98%+ of the world’s jute grows in Bengal. 100% suitable for rope-weight yarns.
In March 2020, the COVID-19 pandemic hit just before planting. In May 2020, catastrophic tropical super cyclonic Storm Amphan devastated the crop. Many yarn mills were damaged or destroyed and 120,000+ jute workers laid off.
With little available product, prices peaked in March 2021 over 600% higher than 2018. Many mills went bankrupt. Farmers began planting alternative crops giving better profit yield.
With a lack of supply, consumers switched to alternatives, eg. Van de Wiele carpet backing from CRT, CRX, CRM, etc. VOT–batched jute to synthetic materials. Significantly less of these yarns are being manufactured. Regional demand for sacking and Hessian increased to fill the 2020 shortfall.
With a better 2021 season, jute prices have dropped to 280% higher than 2018 levels. They are not predicted to fall any further.
Mills produce an average 150 tonnes per day. Yarns are commonly supplied in 26 tonnes. Now a strong seller market, bulk customers command priority. Agents procure minimum order quantities, split and resell with mark-ups. Profit margins are affected by limited supply and high demand.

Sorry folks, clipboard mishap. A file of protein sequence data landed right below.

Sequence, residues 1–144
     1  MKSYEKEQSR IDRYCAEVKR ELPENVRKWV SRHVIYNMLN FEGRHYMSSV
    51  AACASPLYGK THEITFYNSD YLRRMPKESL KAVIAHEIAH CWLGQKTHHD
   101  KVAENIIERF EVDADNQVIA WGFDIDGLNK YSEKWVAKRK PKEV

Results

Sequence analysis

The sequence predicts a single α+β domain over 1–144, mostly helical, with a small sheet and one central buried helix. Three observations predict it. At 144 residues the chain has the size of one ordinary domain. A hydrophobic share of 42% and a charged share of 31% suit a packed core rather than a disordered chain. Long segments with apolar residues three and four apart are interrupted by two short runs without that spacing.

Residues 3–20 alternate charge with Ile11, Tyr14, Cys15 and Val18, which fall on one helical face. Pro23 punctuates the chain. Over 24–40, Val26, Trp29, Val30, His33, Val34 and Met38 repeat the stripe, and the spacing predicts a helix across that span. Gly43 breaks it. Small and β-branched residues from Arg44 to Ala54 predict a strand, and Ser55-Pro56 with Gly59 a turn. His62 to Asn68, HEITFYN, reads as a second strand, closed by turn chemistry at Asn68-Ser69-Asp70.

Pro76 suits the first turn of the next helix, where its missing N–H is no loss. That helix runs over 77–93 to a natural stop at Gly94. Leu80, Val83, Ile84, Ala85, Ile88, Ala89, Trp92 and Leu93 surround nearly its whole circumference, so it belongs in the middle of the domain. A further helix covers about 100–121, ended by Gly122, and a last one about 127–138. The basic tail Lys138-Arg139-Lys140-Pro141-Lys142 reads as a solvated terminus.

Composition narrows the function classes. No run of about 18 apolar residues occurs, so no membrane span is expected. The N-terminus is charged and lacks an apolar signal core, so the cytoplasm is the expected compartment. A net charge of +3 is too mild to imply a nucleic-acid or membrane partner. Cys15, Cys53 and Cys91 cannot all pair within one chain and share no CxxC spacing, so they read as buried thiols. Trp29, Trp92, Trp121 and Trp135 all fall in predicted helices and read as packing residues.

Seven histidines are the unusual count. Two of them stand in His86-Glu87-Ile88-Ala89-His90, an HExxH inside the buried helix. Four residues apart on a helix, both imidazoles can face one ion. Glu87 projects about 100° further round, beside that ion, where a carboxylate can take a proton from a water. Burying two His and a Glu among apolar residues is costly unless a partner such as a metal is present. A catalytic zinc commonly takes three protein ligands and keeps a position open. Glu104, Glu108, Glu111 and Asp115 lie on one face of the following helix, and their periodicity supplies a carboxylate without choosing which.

Bengal is susceptible to the effects of global warming. Large procurers are stock hoarding in expectation of further disasters.
Now there is a global shipping crisis. Container prices have quadrupled with serious delays.
We note that rope-weight hemp yarns from India are also affected by separate weather events. Supply from China is hit by geopolitical issues. Both suffer the shipping crisis. European hemp is spun for textile-weight yarns.
For jute and hemp ropes this is generating a wave–effect. As vendor stocks run out, a predicted supply short-fall and increased prices should be expected.